From the Red Fort we headed into the wild and chaotic market at Chowdry Street.
Jet-lag had made us suddenly ravenous but there didn’t seem to be anywhere to eat.Looming just above us was the largest mosque in Delhi, the Jama Masjid. But when we got there we discovered that it was just about to close for noon prayers.
With a 200 R admission we decided to try a bit harder to find a retreat within the market. Although I wasn’t at all sure I wanted to go down those stairs into the fray again. We sat on the stairs for awhile and looked down on pandemonium in the streets, me wishing that I could ‘magic’ myself away home for an hour or two, have a cup of herbal tea to calm my frazzleness and then magic back.
Back to the reality of India. The melee was every bit as frantic as it looked. I kept getting caught in a triangle of tuk-tuks and bikes with no way out. Al managed to whisk me out of there into a restaurant he’d spotted, the Peacock Throne.
Delhi is a ‘dry’ city so beer was not on the menu. Al ordered a Pepsi and me a coffee. We both decided to try the naan options, Al a garlic one, and me one that was a ‘little sweet’ with coconut and dried fruit. In Vancouver the Naan is usually baked; in comparison these were very oily, although tasty.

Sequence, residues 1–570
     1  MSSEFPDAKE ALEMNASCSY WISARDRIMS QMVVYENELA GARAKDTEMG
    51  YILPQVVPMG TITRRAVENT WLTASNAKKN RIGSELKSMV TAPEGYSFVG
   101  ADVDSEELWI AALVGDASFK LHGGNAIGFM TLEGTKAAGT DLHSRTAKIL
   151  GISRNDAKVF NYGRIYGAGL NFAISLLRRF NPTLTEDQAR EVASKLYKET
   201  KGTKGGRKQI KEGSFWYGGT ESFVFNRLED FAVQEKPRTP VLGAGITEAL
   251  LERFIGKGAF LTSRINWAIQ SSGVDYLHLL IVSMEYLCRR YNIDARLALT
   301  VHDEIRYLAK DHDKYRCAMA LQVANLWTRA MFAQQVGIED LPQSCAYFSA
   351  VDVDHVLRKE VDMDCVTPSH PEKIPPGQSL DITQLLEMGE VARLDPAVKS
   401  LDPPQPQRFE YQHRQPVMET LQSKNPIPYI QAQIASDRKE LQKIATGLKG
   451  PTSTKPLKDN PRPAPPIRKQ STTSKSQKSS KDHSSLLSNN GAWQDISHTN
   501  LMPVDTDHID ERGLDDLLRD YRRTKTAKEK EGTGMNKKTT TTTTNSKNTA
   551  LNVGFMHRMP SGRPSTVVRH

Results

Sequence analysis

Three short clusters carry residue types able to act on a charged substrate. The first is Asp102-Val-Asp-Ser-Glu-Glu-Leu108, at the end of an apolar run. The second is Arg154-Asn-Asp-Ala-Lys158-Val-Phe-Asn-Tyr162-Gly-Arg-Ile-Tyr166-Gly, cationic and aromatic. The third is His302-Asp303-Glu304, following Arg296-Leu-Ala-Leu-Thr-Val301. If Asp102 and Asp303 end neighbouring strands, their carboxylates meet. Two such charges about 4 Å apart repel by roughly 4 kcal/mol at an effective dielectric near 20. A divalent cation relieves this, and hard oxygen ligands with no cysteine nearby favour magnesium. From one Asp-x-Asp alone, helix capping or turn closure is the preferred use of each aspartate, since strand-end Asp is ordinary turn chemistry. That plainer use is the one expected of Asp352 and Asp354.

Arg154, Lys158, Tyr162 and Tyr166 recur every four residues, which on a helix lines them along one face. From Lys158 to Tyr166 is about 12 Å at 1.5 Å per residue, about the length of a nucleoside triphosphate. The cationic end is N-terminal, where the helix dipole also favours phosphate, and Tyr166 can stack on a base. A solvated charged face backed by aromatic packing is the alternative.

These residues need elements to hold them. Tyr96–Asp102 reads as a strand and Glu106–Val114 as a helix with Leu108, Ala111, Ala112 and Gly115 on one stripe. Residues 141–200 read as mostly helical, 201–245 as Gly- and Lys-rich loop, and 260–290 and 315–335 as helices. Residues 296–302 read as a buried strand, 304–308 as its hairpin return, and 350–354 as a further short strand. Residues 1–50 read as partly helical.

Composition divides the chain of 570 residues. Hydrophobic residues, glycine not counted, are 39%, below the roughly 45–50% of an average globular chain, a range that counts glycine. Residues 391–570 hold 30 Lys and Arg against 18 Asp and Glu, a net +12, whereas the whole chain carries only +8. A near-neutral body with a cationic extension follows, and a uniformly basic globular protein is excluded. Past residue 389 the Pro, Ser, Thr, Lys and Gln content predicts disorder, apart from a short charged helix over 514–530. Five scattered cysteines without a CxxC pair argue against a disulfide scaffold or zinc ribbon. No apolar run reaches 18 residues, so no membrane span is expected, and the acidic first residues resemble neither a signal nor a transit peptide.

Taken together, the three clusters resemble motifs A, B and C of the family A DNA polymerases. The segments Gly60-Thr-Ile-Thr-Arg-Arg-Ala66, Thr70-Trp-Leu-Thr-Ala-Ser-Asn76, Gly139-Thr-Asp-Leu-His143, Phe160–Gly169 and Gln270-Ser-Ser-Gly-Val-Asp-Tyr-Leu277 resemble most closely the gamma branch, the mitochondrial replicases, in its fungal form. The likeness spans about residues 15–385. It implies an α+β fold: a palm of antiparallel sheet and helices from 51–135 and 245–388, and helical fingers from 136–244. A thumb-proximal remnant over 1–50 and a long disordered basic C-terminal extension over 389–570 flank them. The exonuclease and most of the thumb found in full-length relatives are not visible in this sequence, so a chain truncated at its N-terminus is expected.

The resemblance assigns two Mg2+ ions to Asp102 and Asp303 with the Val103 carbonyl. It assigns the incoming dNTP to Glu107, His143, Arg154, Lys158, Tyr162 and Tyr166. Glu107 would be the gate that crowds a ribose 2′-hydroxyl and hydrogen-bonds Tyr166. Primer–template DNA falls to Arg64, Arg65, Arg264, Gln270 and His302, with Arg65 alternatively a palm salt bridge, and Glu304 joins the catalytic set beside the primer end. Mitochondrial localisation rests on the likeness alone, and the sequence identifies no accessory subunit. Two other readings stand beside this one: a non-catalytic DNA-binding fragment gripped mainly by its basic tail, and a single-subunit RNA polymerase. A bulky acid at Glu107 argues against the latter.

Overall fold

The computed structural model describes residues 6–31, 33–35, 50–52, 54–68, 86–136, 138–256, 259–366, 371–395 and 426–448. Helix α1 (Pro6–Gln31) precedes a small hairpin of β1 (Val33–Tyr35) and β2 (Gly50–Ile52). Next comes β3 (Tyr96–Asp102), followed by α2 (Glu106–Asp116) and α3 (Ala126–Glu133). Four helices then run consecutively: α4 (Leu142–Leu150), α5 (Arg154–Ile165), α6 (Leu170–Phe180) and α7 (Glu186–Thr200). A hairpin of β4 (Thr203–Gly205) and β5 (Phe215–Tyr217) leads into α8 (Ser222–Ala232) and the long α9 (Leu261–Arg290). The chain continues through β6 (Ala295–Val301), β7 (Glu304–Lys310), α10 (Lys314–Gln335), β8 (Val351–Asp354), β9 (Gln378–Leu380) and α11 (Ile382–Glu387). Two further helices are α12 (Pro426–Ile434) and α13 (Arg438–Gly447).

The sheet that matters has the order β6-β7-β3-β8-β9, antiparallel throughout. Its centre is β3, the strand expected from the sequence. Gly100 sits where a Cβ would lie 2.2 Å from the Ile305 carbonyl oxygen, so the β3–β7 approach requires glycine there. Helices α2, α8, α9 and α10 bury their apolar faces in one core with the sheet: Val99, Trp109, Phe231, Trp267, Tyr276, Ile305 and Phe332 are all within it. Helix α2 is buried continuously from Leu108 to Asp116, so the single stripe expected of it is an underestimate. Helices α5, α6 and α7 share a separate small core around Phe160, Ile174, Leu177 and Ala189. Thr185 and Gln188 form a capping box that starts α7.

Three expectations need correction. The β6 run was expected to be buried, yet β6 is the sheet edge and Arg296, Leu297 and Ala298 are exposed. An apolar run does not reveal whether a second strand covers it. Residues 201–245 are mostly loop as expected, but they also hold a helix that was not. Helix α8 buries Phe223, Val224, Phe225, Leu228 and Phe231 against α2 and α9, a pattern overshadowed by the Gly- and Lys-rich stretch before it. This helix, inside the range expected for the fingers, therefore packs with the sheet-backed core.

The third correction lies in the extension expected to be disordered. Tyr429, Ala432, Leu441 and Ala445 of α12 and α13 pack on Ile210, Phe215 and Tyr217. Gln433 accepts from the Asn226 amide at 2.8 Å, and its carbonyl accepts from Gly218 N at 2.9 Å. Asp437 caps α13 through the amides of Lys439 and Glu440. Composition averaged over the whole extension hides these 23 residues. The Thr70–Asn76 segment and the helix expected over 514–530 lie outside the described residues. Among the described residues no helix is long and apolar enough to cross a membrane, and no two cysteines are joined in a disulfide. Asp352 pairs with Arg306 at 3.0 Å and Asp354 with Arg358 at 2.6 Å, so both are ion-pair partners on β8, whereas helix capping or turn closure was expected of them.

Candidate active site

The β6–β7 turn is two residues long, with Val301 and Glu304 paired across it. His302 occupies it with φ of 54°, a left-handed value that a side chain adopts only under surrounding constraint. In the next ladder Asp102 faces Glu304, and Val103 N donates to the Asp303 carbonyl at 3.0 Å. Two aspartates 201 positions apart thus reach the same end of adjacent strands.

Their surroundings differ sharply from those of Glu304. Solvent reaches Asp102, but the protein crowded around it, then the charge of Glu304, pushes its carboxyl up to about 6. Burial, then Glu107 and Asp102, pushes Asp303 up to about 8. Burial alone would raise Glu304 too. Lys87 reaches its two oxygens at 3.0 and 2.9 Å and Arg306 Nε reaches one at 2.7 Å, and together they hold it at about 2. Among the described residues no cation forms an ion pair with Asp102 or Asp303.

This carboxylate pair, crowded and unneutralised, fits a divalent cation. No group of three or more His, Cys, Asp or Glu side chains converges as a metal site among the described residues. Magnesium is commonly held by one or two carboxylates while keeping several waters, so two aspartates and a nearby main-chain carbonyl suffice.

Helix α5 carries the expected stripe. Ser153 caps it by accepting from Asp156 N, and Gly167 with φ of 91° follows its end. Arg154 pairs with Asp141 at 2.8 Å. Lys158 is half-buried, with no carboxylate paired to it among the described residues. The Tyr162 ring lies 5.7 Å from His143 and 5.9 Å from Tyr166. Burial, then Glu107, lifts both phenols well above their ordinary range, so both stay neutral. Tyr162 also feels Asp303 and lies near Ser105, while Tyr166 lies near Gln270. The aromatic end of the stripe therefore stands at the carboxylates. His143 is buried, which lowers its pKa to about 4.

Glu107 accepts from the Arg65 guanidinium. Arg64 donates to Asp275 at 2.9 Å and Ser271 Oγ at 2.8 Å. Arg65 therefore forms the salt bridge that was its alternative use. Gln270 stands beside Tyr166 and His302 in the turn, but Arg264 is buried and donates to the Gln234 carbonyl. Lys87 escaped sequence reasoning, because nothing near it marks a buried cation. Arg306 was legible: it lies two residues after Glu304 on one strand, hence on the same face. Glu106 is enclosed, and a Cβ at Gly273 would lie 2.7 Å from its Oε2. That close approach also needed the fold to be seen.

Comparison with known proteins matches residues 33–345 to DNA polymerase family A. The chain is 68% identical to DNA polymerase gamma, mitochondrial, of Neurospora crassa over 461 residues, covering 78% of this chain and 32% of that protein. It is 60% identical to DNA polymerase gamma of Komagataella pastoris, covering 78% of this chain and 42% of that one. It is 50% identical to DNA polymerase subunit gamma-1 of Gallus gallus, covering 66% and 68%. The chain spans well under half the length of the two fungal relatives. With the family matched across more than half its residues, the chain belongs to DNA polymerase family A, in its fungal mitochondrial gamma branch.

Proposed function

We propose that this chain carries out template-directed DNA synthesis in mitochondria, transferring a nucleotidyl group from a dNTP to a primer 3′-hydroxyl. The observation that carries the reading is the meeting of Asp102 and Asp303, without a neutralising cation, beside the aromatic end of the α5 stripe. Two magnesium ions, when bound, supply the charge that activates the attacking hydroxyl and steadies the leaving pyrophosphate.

Fortified and de-stressed, we headed back to the Mosque.Despite being completely covered up I was required to wear this robe in order to climb the minaret. According to Al, wearing it on top of my backpack made me look like a clown.For some strange reason I wasn’t required to cover my hair.
Looking down from the minaret over the inner courtyard square of the largest mosque in Delhi, .Back down on earth we explored a bit and saw this exquisite chandelier.Man sitting on the steps.Man studying.We weren’t allowed into the mosque proper – this was as far as we got but still magical and powerful.More of our trip to Delhi, Agra and Rajasthan in 2010.